KAVKASIA is not just an album, it’s a portfolio. Chock full of photographs, colors and sounds, the release is a multi-media experience that brings Georgia and the Caucasus Mountains to life, while serving as a tour of Minco Eggersman‘s talents. The album gathers talent from across the disciplines, ranging from director Yaron Cohen to the Macedonian Symphony Orchestra. Dozens of people worked on this project, and it shows.
So let’s start with the videos. “Hidden in Clouds” was our first taste of the project, way back in winter. We first thought the track was a teaser, but as it turns out, this is the complete piece: the overture of the set. One gains the impression of something grand: buildings dwarfed by mountains, mountains draped by snow.
Then there’s “The Other Side of Dawn”, a more elaborate, intimate piece that carries the viewer into spring: snows melting, buds blooming, rain falling to replace the snow. One begins to consider this album as Eggersman’s own movement from winter to spring: an evolution from his early works as a singer-songwriter and drummer to his current incarnation as soundtracker. Or perhaps one should separate the words ~ sound tracker ~ as the artist traveled into the highest reaches of his region to record the winds and birds heard in “Holy Ground” and throughout the album.
Now let’s take a look at the physical packaging. The regular edition is lovely in its own right, but there’s also a special edition embedded in an old book, pulled tight by a ribbon ~ silk if one orders the limited edition ~ along with eight photos. Convinced yet?
And now the music, which can be broken into multiple genres. The artist presents two lyric tracks, which we’ll leave aside as our primary focus is the instrumental. But there are also two lyric-free vocal tracks, back-to-back, whose melodies draw comparison to those of happy Sherpas. “Melisma & Gurian” and “Deda Ena” produce an intense feeling of peace, especially when the echoes arrive at the end, speckled in birdsong. One can picture the monks the artist encountered, “who will go a day’s walk just to buy bread”. This subtlety leads into one of the album’s two jazz pieces, “Tbilisi Calls”, an eleven-minute piano and sax-based composition that launches with church bells (which return multiple times) and slowly winds its way up and down the mountain. Every time the piece flourishes, it implies deep-set confidence, before retreating into contemplation again and again.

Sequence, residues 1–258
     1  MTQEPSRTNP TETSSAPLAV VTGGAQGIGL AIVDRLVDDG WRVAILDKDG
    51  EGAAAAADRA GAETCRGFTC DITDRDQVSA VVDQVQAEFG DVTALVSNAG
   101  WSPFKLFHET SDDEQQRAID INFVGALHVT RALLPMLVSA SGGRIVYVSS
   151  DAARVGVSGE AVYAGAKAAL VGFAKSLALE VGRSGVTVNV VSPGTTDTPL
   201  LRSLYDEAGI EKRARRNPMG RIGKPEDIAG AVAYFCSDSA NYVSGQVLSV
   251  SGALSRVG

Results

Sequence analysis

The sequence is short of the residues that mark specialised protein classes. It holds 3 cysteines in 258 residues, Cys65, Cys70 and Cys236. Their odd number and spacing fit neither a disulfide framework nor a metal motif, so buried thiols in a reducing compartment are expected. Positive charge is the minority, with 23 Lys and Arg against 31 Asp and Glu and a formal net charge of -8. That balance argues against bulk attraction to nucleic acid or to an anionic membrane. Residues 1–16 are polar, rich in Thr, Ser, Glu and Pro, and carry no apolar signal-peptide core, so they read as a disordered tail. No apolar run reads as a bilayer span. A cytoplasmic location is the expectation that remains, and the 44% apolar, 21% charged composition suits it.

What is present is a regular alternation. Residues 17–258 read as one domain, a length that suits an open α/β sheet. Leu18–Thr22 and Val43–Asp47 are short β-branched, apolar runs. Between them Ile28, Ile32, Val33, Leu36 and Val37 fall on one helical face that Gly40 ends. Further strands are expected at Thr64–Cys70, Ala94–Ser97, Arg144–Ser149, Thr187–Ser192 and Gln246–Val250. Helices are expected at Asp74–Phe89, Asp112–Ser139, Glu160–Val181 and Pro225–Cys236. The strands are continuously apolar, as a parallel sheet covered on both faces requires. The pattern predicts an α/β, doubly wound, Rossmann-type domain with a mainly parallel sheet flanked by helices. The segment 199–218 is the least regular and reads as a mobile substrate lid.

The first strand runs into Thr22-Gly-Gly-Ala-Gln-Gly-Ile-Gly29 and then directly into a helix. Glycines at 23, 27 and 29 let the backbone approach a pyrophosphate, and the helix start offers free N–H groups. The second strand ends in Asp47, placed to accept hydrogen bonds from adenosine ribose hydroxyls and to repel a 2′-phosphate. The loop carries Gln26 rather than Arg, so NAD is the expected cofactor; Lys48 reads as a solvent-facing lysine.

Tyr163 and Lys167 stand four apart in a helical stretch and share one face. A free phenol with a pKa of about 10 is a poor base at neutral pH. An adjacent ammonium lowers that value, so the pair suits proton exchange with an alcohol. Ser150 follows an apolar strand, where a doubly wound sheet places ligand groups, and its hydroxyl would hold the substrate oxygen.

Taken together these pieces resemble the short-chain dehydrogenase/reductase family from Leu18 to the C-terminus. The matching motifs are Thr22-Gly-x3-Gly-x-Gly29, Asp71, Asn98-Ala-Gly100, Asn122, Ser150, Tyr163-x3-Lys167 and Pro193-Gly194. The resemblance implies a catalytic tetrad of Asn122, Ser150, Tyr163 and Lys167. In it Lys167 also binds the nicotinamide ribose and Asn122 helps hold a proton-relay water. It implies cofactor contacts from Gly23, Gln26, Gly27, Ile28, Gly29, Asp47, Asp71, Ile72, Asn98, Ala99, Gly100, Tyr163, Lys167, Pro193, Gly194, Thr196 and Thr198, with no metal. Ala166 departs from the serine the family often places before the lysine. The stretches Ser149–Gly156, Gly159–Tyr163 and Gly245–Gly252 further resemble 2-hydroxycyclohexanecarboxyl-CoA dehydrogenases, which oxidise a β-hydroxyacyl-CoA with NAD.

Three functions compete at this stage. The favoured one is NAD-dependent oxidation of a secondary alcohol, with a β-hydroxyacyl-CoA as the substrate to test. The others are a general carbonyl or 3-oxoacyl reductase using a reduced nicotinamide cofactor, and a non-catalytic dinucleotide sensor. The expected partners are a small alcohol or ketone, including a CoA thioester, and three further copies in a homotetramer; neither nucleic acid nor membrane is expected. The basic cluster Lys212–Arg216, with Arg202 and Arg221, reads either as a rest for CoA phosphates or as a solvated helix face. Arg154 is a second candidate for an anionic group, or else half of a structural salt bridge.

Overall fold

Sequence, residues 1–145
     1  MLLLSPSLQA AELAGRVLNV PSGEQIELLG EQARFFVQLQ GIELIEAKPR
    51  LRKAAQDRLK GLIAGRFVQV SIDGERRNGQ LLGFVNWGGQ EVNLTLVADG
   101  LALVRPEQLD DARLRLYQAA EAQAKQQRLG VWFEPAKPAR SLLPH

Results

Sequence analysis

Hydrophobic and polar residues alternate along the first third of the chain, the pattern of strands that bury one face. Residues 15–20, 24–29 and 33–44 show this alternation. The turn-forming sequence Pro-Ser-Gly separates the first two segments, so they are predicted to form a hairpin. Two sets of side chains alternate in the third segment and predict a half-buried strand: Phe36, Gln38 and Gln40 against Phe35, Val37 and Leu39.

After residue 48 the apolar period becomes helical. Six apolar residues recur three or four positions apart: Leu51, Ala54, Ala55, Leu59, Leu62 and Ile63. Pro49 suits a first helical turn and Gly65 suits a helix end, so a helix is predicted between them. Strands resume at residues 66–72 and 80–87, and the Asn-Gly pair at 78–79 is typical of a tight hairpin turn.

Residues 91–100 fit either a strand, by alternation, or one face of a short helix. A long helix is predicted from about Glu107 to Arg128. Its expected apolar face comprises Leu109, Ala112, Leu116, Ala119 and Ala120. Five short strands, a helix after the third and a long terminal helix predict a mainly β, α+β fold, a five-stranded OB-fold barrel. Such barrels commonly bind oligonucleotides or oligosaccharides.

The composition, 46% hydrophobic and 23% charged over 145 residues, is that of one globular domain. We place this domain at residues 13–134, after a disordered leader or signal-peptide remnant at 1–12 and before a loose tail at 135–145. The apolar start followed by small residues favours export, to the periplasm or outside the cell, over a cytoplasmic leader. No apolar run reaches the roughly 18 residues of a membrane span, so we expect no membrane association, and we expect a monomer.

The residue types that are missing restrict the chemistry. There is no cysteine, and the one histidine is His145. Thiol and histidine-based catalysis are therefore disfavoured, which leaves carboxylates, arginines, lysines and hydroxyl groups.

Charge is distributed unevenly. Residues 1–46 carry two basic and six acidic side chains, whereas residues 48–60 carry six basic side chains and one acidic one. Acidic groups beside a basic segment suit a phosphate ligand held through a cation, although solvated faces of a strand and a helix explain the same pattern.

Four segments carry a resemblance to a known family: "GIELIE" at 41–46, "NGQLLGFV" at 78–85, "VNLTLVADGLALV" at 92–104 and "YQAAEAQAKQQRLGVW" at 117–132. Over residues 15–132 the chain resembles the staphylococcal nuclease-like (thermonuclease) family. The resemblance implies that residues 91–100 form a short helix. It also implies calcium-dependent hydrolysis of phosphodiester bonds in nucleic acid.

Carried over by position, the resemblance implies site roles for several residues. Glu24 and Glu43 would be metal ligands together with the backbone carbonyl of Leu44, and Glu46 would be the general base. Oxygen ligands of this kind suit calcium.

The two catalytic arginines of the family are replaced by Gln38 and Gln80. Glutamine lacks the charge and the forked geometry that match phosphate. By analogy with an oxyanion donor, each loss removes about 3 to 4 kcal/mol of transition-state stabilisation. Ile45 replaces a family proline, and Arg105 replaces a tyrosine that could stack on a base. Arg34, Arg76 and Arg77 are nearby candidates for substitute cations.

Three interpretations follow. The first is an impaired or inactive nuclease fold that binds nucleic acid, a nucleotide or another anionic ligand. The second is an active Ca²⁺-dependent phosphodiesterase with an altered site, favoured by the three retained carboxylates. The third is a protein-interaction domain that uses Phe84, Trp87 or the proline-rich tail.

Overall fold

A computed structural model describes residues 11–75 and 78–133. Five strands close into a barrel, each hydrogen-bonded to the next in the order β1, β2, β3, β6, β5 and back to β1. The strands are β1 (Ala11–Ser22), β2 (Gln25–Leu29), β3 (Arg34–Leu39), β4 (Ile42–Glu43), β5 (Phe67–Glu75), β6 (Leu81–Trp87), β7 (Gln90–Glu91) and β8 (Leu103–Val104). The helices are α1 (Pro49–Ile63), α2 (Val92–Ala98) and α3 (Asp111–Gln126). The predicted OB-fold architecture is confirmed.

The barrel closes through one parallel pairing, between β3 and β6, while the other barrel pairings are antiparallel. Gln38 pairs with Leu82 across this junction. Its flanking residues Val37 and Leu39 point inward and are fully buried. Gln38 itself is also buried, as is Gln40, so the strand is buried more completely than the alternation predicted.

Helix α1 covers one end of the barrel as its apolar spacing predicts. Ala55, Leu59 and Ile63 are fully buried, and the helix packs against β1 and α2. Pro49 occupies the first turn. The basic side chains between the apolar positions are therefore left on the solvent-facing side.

The organ forms an integral part of “Holy Ground” and “Stepantsminda”, the latter casting a bridge between jazz and modern composition, an idea implied in the title of “The Crossing Place”. Finally, the brass tracks (“The Black Sea” and “The Home of the Brave”) connote a deep, reverent patriotism, based on one country but not restricted to it. As the artist looks out over the land, contemplating nature and nation, one can feel his sense of pride. If this is what Georgia sounds and feels like, it must be an incredible place to live. (Richard Allen)